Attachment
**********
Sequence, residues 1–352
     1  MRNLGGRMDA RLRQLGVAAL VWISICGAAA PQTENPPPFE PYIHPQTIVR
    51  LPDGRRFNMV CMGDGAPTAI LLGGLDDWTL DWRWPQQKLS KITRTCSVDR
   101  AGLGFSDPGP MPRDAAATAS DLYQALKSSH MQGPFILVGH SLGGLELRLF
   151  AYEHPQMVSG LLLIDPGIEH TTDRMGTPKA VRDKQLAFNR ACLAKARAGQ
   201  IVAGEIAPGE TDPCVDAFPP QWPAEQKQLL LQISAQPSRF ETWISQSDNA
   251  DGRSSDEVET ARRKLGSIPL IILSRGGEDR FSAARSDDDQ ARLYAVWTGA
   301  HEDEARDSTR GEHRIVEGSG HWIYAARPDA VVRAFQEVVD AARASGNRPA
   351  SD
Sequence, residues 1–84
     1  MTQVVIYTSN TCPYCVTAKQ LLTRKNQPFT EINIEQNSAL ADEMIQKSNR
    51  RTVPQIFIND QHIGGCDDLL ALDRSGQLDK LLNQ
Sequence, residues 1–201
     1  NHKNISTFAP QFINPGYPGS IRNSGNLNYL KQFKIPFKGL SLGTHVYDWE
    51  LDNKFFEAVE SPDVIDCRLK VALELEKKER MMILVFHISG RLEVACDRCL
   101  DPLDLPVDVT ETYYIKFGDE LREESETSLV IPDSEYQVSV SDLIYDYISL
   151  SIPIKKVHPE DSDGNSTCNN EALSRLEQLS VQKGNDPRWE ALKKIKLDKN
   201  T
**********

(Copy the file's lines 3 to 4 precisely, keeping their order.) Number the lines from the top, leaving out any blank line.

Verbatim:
    51  LPDGRRFNMV CMGDGAPTAI LLGGLDDWTL DWRWPQQKLS KITRTCSVDR
   101  AGLGFSDPGP MPRDAAATAS DLYQALKSSH MQGPFILVGH SLGGLELRLF